Excerpt from the government of Ontario’s ‘Newsroom’
Following a fire at a construction project in Kingston that led to a crane operator being rescued by military helicopter, three individuals and the company that employed the workers have pleaded guilty in court and fined a total of $74,000.
On December 17, 2013, a five-storey residential construction project located at 663 Princess Street in Kingston caught fire. Workers were evacuated and unharmed, but the worker who was operating a crane was forced to flee the cab and crawl out on the boom of the crane, and was rescued by a military helicopter; that worker suffered burns.
The Office of the Fire Marshal of Ontario investigated but was not able to obtain any specific details about the cause or origin of the fire. Almost the entire structure succumbed to the flames. Due to the amount of water used to fight the fire and the extreme cold temperatures, the structure and much of the surrounding area was covered in ice, presenting a significant challenge to the investigation. The Ministry of Labour also investigated the project site over a period of four months.
The ministry determined that Jay Patry Enterprises Inc., the company building the project, was the constructor and its owners, Jay and Nathan Patry, were its senior managers. Another individual, Troy Joseph Stelmach of Stelmach Property Management Inc., worked on the project in a supervisory capacity.
Based on the available evidence, the ministry was able to determine that insufficient standpipe – an assembly of pipes and fittings that conveys water to outlets – had been installed at the project site. A standpipe is required to mitigate against potential harm from fire.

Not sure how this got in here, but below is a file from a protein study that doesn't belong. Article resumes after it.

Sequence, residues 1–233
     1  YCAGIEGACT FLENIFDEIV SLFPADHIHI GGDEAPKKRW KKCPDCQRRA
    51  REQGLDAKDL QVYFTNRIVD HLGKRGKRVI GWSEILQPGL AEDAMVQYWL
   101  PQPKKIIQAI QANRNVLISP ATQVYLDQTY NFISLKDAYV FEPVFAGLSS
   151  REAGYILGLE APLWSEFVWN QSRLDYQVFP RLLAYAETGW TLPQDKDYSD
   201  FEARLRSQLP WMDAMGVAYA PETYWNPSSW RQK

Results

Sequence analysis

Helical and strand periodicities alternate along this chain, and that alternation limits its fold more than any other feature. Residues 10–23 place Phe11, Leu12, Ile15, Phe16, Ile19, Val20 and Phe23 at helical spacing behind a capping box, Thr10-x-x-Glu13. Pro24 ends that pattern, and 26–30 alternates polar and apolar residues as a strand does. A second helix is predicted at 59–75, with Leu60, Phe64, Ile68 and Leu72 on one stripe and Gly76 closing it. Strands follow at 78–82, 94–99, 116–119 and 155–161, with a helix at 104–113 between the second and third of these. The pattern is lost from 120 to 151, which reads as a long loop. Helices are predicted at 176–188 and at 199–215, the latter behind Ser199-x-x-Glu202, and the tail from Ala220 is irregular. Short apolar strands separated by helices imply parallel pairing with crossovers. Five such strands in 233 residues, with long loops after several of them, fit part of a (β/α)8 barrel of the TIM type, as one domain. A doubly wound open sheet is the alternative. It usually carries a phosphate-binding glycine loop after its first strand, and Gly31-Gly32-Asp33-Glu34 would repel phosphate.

Jay Patry Enterprises Inc. pleaded guilty of failing as a constructor to ensure that measures in the Construction Projects Regulation were carried out. Section 57 in the regulation requires that as construction proceeds in a building with two or more storeys, a permanent or temporary standpipe shall be installed to within two storeys of the uppermost work level and that every hose outlet with a permanent standpipe shall have a valve. While standpipe risers had been installed to the fifth level of the project, contractors were still working to install hose valves past the ground level as of the date of the fire. The fine for the violation was $60,000.
Jason and Nathan Patry, owners of the company, pleaded guilty for failing to furnish all necessary means in their power to facilitate an investigation by an inspector.
Jason Patry was fined $7,500 and Nathan Patry was fined $4,000. Troy Joseph Stelmach pleaded guilty to the same charge and was fined $2,500.
Sentencing took place on May 15 in Kingston court by the Honourable Justice Allan G. Letourneau.
In a separate trial proceeding last month, the crane company, A & A Crane Inc. of Waterdown was found guilty of failing to comply with a requirement of an inspector in relation to a project located at 663 Princess Street, Kingston, and fined $8,000.